James asked me: "How I can eliminate interference and sabotage in my life?"
I said: Interference and sabotage are both really "big," general words... My first thoughts are just a hundred more questions about the Specifics and the Context. I'm hearing a Question in there somewhere. So, what's The Question you really want to ask?
James: "Well, let's see... Sometimes I feel ganged up on, but I usually don't respond, partly because I want to remain centered in my truth and partly because I choose not to escalate the anger and the violence. I feel that I must be subconsciously triggering these attacks and would like to stop my part in them, but also spend more time with people who are coming from a place of greater harmony and integrity.
"Am I blowing through karma or sabotaging myself or both?
"I know I'm getting there, but I want to speed up the process and clear whatever it is interfering with my living a better life."
The "Speed" Factor
"I'm getting there, but I want to speed up the process" indicates to me that your expectations may be disconnected from the reality of the situation.
Is there any difference between your feeling ganged up on and others literally ganging up on you?
What you feel about a situation, what the other parties may feel, and what an impartial outside observer may feel could be three entirely different things.
This perception-based anxiety is really not that different from body dysmorphia (the anorexic who is never "thin enough," the weight lifter who is never "big enough," the model who never feels "pretty enough") or success dysmorphia around subjective achievements (the straight A pre-med student who emotionally reacts to every test and academic challenge with the elevated cortisol levels and the depressed serotonin of a student who's failing).
"I'm not smart enough, good enough, strong enough, brave enough, outspoken enough... and I need to be _____ Enough, like, YESTERDAY."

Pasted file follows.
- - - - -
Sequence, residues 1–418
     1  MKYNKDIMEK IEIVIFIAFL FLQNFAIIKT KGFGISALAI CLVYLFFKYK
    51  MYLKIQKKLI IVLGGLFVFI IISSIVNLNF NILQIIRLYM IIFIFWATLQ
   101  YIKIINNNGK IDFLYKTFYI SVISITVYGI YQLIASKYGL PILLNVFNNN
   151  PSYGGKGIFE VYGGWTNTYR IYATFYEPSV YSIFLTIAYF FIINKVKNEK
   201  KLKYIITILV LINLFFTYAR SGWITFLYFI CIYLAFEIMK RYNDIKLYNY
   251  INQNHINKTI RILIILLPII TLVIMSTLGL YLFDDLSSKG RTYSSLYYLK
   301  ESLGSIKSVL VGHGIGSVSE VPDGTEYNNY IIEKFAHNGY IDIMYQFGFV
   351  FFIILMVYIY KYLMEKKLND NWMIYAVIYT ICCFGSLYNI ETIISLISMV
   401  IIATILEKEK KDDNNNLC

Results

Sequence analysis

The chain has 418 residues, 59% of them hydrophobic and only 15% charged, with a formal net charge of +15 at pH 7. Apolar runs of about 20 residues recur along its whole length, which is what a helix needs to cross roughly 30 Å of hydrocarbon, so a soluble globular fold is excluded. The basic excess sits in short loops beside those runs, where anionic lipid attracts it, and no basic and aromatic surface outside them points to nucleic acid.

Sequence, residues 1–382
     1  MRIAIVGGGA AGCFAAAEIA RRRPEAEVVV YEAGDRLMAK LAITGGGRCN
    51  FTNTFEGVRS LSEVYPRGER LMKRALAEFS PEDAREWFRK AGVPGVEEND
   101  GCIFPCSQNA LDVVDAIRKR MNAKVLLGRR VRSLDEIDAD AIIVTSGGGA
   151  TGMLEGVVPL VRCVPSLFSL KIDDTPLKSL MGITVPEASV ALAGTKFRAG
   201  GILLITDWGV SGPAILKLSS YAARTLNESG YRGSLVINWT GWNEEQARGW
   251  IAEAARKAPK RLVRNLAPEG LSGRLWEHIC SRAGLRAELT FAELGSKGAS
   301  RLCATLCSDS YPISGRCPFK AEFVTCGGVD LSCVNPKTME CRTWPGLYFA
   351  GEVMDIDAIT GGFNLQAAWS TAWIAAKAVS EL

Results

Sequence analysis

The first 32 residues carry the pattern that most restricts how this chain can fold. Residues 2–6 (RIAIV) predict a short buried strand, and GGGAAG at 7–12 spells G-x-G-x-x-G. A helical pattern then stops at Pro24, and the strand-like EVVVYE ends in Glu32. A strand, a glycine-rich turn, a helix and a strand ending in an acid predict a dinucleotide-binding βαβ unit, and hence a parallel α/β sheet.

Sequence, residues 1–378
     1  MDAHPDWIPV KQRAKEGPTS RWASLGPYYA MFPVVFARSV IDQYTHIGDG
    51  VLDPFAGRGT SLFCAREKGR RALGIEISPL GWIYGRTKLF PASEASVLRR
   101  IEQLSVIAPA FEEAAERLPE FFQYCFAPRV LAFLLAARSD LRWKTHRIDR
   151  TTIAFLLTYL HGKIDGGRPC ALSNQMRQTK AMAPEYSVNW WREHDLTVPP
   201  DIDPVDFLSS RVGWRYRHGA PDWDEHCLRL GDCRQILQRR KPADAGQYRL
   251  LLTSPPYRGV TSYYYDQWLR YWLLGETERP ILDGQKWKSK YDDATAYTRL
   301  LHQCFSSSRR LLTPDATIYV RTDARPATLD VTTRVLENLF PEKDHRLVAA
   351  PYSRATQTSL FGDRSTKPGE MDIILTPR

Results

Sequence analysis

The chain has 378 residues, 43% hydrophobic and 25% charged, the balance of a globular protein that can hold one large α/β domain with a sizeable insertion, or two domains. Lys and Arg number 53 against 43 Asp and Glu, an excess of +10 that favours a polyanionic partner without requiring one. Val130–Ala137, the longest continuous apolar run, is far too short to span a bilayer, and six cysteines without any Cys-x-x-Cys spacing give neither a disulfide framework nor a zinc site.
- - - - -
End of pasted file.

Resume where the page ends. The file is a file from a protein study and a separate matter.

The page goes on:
The self-judgment is too strict and unforgiving; the expectation is so great that no small step toward "success" along the way measures up to this total and complete Goal or End Game scenario. The acknowledgment of the small present moments of success is the very fuel source that drives the self-confidence which propels you in the first place -- and creates the subsequent momentum that you would find "noticeably satisfying" in your everyday life.
"Not fast enough" and "not there yet" undermine the very power that you wish to access, perpetuating this feedback loop of failure and dissatisfaction.
Realize that "getting there" may be the only "THERE" you get. (How will you recognize when you get There? Maybe it's a horizon; maybe There is a vanishing point in the distance that you're always only moving towards...)
What you say you wish to change is a choice in behavior. You either develop an effective protocol for standing up for yourself and do it, religiously, without fail, honing the skill with repeated use... or you don't. If you can't simply choose to meet that intellectual expectation with physical action, why not consider re-evaluating the expectation itself (or getting rid of it, for that matter)?
What's wrong with going back to some more basic, kinder, gentler, expectations -- some affirmations?
- "I am exactly where I need to be in my development."
- "Every social situation is an opportunity for me to practice my social skills."
- "I am in the process of learning to stand up for myself without compromising my compassion."
- "I am discovering what it means to balance pacifism and power."
What is the Meaning of This?
Asking "Why does this happen?" leads to limited understanding and cannot be counted on to produce the true results that you will identify as meaningful. Or better yet, purposeful.
The more useful question may "What purpose can this serve? What meaning can I assign to this challenge?"
Remember that your greatest challenge in life is usually the flip side of your sense of purpose.
Where you stumble, there your treasure lies. Joseph Campbell
I have no doubt that the purpose behind your process is so that, in the future, You can answer this question for someone else who asks it, better than I ever could, because you're the one who's been there.
Image credit Elisabeth Moore via Creative Commons on Flickr